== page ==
Over the years, substance abuse in the United States has become a persistent issue affecting many individuals. In 2008, it was estimated that 17.8 million Americans over the age of 18 where substance dependent (Epstein, Burns, & Conlon, 2010). Many of these individuals being affected are nurses. Ponech (2000) stated that "approximately 10% of the nursing population has alcohol or drug abuse problems, and 6% has problems serious enough to interfere with their ability to practice" (as cited in Talbert, 2009, p.17). Studies show that nurses have a 50% higher rate of substance abuse compared to the rest of the public (Epstein et al., 2010). Among the many factors that contribute to the nurse’s issue of substance abuse, accessibility to drugs in the work environment has played a significant role. Substance abuse among nurses is an arising issue in need of attention, it is alarming to know that patient safety and care is in danger when a chemically impaired nurse is in the workplace.
Nurses are the ones whom trust is placed to care for the sick, but with the growing population of chemically impaired nurses, patient care is in danger. Factors that are contributing to substance abuse among nurses need to be further explored to combat the issue and provide better quality care for patients.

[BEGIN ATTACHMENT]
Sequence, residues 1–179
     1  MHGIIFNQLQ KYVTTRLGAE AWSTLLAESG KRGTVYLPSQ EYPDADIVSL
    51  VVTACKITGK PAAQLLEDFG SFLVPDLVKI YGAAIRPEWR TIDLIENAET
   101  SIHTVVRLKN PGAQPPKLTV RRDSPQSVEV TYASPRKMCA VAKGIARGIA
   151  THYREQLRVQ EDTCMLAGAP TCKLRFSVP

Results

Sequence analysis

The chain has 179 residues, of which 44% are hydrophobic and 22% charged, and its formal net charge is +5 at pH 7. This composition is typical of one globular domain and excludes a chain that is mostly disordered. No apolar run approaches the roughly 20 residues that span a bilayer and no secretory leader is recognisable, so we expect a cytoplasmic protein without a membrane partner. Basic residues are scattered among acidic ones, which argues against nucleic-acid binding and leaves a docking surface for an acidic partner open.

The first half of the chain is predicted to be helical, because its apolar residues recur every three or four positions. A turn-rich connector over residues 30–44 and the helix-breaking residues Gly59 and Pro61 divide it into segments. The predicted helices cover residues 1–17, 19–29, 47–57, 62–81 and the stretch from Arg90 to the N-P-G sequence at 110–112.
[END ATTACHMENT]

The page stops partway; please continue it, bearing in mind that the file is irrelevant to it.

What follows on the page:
There are several contributing factors to substance abuse among nurses such as family, and stress. Nurses who have family members with emotional problems and inability to cope, alcoholism, and drug use, have been linked to a higher risk of substance abuse (Talbert, 2009). Coming from a family that relies on substances tempts the nurse to be chemically dependent when experiencing high job demands. "Stress in the workpl...
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Substance abuse in the field of nursing has become a serious problem. Every day exposure to drugs in addition to other factors have contributed to the issue of substance abuse among nurses and the impact on patient care. Some may still be unaware of the substance abuse problem nurses struggle with, and they don't realize until they see the consequences on overall patient outcomes and work productivity. Learning to recognize the chemically impaired nurse has allowed the health care field to expand its awareness and begin to take action on this issue. “To ensure productivity, safety, and quality of care, most hospitals have instituted drug-free workplace programs...that identify prohibited behaviors and the consequences of violating the policy” (Epstein et al., 2010, p. 515). In hope of change to this issue, further action continues to be a work in progress.
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